So the LA Times is openly taking the position that everyone should know Muslims are subhuman garbage who are incapable of reason and they will go into a homicidal rage if you challenge their assinine religion? Is that what I’m reading?

Does that mean they also believe America should limit immigration from Muslim countries?


59 posted on 09/18/2012 7:27:05 AM PDT by The Toll
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To: SeekAndFind
This is the DUMBEST attempt at reasoning I've ever read!

We better get something straight right now in this country, Speech Is Free no matter who speaks or what is said! If you try to take this inalienable right away from me I will defend myself!

The left has been allowed TOO MUCH POWER to define words into HATE speech and will find out soon enough if they keep going down this road these dumbasses are not going to like what happens at all!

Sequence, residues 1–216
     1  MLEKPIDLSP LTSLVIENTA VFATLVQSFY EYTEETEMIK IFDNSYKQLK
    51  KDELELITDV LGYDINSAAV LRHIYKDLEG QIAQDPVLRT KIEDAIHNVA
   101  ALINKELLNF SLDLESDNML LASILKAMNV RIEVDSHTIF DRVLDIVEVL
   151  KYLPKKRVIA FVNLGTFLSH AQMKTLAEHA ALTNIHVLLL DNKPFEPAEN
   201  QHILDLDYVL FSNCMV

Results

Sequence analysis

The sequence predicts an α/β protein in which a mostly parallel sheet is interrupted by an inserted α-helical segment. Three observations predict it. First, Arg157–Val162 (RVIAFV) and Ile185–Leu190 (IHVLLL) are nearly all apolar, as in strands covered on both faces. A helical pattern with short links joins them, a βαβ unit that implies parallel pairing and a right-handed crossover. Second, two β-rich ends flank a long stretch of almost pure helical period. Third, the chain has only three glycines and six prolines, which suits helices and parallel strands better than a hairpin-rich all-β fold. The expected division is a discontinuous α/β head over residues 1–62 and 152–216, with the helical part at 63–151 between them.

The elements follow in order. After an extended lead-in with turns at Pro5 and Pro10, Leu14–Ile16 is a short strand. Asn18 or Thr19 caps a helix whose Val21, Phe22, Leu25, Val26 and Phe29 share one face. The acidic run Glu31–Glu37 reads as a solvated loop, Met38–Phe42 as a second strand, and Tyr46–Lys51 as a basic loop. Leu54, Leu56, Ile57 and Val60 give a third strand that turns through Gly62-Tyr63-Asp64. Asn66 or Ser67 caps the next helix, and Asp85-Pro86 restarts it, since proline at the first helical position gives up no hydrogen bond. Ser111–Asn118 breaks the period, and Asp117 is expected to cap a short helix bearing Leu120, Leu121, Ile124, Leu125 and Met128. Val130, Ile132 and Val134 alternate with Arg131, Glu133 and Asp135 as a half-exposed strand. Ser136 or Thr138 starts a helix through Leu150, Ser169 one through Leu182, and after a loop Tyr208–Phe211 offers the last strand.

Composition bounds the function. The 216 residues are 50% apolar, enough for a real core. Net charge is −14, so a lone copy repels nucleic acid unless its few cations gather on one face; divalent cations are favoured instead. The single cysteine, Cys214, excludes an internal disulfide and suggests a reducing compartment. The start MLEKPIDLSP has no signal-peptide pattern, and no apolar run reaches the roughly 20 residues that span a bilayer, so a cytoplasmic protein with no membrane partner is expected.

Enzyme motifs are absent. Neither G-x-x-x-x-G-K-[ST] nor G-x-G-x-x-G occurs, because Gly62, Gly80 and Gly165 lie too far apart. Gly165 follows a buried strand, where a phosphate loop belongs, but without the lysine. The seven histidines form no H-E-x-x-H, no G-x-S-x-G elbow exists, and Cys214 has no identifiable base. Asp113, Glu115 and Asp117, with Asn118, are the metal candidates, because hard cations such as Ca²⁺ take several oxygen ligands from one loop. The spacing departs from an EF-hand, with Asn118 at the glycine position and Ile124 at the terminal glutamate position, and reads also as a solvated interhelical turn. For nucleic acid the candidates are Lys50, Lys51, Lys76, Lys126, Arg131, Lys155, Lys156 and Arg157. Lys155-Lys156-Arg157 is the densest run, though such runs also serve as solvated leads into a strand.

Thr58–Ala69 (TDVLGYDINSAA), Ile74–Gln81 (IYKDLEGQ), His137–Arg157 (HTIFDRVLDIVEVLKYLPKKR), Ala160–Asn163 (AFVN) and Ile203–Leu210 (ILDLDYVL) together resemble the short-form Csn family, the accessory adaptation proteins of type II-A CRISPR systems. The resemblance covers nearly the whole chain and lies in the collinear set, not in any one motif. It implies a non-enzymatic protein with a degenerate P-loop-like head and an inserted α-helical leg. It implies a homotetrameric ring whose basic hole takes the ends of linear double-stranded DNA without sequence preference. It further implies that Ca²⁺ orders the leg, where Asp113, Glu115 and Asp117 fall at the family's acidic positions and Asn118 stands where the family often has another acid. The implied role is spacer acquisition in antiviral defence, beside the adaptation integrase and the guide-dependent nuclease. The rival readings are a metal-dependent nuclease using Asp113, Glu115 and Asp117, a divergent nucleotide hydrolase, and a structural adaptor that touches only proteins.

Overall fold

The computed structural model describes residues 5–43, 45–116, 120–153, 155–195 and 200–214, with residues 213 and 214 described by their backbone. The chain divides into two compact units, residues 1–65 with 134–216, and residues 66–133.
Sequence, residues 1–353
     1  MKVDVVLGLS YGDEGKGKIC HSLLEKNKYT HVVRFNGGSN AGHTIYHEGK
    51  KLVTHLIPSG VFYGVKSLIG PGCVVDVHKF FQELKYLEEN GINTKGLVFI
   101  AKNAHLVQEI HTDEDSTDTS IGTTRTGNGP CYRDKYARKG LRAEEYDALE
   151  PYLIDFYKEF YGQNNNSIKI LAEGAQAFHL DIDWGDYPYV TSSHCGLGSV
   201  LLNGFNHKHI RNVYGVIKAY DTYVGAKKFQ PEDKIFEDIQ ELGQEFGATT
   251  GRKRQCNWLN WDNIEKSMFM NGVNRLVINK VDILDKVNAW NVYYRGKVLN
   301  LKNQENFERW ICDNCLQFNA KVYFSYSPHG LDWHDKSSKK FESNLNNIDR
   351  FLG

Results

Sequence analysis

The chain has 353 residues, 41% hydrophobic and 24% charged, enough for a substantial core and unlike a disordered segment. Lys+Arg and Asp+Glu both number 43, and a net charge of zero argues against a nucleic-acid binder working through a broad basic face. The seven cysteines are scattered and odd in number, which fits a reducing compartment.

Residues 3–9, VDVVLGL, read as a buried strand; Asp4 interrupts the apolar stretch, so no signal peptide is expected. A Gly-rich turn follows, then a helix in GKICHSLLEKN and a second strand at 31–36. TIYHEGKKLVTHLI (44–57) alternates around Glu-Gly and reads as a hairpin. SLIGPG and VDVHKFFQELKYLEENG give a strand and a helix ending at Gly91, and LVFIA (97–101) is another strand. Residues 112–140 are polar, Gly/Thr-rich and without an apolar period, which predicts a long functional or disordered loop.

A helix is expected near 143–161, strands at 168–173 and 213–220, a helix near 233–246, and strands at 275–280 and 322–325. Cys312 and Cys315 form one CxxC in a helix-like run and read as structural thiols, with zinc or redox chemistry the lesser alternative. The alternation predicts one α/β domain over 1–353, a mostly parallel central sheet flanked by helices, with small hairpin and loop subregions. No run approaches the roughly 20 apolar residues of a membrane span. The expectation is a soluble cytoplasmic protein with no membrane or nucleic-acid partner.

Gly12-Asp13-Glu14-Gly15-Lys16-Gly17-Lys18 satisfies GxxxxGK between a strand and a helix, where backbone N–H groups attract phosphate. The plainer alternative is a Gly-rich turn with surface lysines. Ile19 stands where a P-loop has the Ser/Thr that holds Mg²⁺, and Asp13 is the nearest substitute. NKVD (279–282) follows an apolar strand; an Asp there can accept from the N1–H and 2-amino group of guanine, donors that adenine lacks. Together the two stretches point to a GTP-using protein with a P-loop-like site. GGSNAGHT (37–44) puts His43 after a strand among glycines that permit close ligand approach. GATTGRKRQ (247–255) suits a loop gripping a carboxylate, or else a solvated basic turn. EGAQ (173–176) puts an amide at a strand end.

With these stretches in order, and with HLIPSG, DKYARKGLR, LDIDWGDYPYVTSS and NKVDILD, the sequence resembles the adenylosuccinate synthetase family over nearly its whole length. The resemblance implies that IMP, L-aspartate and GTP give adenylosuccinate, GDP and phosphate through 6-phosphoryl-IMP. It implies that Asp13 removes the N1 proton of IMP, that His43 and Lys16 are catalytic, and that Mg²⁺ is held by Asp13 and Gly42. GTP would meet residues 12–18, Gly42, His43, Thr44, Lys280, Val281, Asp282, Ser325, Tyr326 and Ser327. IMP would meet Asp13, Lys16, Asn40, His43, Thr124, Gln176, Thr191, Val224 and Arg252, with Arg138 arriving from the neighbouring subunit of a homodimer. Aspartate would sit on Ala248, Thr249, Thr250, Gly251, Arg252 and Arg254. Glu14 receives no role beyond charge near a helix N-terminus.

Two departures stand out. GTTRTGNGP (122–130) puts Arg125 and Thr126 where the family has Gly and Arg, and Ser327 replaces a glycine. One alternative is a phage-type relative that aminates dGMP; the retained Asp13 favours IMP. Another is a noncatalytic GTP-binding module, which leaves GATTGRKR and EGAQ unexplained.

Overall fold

60 posted on 09/18/2012 7:28:04 AM PDT by sirchtruth (Freedom is not free.)
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To: All

I will not submit to dhimmi opinion or law.

Personally, I have zero inclination to burn a Quran. But if a law is ever passed that denies me the right....I will do it repeatedly in defiance of that unjust speech law.


61 posted on 09/18/2012 7:32:45 AM PDT by rbmillerjr (Conservative Economic and National Security Commentary: econus.blogspot.com)
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To: SeekAndFind

Sorry lesbo, I don’t live on your campus! Take your “free-speech zones” back to Berkley.